Early stressful experience has been shown to affect the serotonergic systems of the brain (Ichise et al., 2006). In a separate study, Macaque mothers of two- to six-month-old infants were exposed to stress associated with food uncertainty. These offspring showed a putative serotonin deficit, as well as smaller right hippocampal volume (Coplan et al., 2014). In a related study, the effect was a lifelong reduction in levels of serotonin in monkeys (Higley & Linnoila, 1997). These monkeys, as adolescents, were more aggressive and consumed excessive amounts of alcohol. 

 

It has been shown that chronic stress selectively reduces hippocampal volume in rats (Lee, Jarome, Li, Kim, & Helmstetter, 2009). Structural neuroimaging studies of victims of child abuse have provided evidence of deficits in brain volume along with gray and white matter of several regions, most prominently the prefrontal cortex as well as the hippocampus, amygdala, and corpus callosum (Hart & Rubia, 2012). Similar studies of childhood stress and PTSD have demonstrated volume reduction in hippocampus and prefrontal cortex (Frodl, Reinhold, Koutsouleris, Reiser, & Meisenzahl, 2010; Tupler & De Bellis, 2006).

 

These impairments directly affect addiction liability by raising impulsivity, reducing the controlling and executive functions of the prefrontal cortex, and impairing the neurogenetic ability of the hippocampus. In addition, these impairments impact the autonomic regulating functions of the hippocampus and prefrontal cortex—key to managing stress and maintaining homeostasis.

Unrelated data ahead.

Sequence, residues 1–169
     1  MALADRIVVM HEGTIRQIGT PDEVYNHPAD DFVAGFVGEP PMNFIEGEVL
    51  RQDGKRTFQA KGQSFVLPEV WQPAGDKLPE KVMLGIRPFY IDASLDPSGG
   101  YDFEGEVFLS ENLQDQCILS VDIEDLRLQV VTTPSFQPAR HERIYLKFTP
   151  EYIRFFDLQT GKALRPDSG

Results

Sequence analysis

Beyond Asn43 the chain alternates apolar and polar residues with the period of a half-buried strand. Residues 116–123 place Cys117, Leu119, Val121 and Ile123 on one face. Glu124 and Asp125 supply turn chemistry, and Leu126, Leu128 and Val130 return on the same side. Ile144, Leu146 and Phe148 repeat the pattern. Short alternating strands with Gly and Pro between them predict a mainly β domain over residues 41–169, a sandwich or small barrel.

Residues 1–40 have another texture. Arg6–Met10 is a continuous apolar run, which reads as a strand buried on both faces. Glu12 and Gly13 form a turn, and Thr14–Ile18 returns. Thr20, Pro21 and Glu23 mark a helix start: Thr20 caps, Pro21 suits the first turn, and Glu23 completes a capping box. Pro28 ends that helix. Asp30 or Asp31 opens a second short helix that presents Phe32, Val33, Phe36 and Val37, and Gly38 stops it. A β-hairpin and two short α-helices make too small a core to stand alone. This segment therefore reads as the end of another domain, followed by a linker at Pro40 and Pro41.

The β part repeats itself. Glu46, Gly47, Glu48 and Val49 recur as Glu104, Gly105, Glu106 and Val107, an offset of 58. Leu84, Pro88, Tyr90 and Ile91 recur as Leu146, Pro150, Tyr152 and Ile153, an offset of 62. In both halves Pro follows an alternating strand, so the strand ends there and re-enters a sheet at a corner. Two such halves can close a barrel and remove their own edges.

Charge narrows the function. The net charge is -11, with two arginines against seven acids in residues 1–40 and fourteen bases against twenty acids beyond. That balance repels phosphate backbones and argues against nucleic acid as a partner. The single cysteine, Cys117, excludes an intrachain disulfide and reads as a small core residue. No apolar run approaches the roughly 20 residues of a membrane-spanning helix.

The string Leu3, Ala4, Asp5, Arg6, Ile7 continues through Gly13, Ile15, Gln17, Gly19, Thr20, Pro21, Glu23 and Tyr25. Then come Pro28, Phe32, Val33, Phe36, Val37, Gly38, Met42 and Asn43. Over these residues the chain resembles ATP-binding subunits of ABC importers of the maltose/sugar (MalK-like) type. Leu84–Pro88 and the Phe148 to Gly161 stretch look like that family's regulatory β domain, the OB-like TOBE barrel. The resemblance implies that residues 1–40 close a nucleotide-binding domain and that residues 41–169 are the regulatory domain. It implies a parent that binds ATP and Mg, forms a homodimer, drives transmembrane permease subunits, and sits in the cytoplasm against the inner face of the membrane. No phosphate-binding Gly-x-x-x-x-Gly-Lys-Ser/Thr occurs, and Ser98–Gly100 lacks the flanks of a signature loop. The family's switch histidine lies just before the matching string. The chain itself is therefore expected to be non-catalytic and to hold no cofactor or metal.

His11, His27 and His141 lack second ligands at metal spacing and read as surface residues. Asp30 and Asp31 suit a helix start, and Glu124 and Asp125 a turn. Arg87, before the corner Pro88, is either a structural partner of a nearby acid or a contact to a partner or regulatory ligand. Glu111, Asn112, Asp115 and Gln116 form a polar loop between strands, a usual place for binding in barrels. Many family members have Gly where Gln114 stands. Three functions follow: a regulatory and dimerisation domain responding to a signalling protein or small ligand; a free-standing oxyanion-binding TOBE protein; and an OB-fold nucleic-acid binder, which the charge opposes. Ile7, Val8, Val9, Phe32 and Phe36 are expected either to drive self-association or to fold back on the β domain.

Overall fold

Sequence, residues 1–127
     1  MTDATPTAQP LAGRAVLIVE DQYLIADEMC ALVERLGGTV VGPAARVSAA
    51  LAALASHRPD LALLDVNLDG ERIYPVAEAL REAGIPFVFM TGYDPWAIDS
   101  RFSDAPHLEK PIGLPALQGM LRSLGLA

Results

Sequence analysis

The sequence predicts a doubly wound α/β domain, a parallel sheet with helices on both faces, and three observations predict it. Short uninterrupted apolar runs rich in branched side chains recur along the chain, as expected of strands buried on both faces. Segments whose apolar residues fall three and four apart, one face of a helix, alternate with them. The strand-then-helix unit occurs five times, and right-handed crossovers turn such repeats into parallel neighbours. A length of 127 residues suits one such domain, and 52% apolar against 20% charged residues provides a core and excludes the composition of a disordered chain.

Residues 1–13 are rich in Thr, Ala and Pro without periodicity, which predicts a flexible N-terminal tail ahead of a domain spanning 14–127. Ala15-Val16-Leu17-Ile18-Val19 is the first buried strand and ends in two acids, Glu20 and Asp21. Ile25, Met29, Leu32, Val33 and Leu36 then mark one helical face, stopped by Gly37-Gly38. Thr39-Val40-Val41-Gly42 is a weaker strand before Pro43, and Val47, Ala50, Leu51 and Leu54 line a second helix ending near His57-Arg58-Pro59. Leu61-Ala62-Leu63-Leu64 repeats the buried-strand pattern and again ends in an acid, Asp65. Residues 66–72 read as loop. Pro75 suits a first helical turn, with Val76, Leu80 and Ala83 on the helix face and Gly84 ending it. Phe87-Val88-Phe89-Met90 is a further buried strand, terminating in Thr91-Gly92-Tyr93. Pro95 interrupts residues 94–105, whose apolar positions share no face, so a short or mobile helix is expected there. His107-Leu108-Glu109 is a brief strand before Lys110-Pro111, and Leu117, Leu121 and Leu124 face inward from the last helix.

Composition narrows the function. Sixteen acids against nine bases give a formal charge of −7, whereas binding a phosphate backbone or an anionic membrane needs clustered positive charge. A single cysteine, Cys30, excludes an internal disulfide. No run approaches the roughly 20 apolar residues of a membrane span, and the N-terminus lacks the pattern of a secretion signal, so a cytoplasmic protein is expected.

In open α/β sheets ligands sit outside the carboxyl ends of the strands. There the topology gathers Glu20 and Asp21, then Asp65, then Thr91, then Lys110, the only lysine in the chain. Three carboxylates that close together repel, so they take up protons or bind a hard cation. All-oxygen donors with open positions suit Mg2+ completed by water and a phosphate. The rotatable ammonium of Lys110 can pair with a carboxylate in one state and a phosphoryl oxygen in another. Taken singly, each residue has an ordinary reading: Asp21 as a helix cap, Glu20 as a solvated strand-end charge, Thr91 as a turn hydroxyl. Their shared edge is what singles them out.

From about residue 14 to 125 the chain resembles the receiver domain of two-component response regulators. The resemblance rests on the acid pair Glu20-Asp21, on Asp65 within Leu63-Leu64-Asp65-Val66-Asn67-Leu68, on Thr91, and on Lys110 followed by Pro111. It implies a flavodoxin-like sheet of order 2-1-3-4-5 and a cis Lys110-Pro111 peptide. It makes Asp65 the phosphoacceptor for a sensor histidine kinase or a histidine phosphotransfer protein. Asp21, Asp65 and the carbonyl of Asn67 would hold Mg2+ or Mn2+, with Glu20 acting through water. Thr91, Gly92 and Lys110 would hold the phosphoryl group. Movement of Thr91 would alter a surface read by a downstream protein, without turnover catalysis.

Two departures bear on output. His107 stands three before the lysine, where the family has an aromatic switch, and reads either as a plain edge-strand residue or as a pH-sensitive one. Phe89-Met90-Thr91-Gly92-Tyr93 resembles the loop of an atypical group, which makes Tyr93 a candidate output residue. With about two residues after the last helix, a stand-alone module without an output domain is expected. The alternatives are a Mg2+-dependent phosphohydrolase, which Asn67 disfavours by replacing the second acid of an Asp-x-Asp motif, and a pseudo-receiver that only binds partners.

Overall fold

Overall, traumatic and otherwise stressful childhoods have been shown to increase the risk of substance abuse (Dube et al., 2006). Using the Adverse Childhood Experience (ACE) questionnaire as an indication of childhood stress, Allem and associates found that a higher ACE score in Hispanic young adults was associated with an increased probability of binge drinking, marijuana, smoking, and other drug use (Allem, Soto, Baezconde-Garbanati, & Unger, 2015).   

 

One side effect of adapting to a dangerous childhood environment is the expectation of danger, resulting in hypervigilance or a constantly activated nervous system. Early stress also shapes the sensitivity of the autonomic nervous system, increasing psychophysiological reactivity to stimuli. Porges (2007) refers to the establishment of neuroception, a subconscious system for detecting threat and safety that accompanies trauma. It helps explain autonomic reactivity when there isn’t any obvious threat. Taken together, these findings result in the impairment of autonomic self-regulation, which in turn makes recovery and abstinence more difficult.

 

And finally, childhood stress that impairs the functioning of the hypothalamic-pituitary-adrenal (HPA) axis also impairs the linked reward systems of the brain. Administration of most drugs of abuse has been shown in animals to activate the HPA axis. That may facilitate activity in the brain’s motivational circuits, which then facilitates drug reward and acquisition of drug-seeking behavior (Kreibich et al., 2009; Vendruscolo et al., 2012). Importantly however, with chronic administration of these drugs, there is a dampening of this reward effect (Koob & Kreek, 2007; Semba, Wakuta, Maeda, & Suhara, 2004).

 

Relapse Susceptibility with Stress

 

Chronic use of drugs of abuse has long been associated with exaggerated responses to stressors (Himmelsbach, 1941). This may be a factor in relapse liability.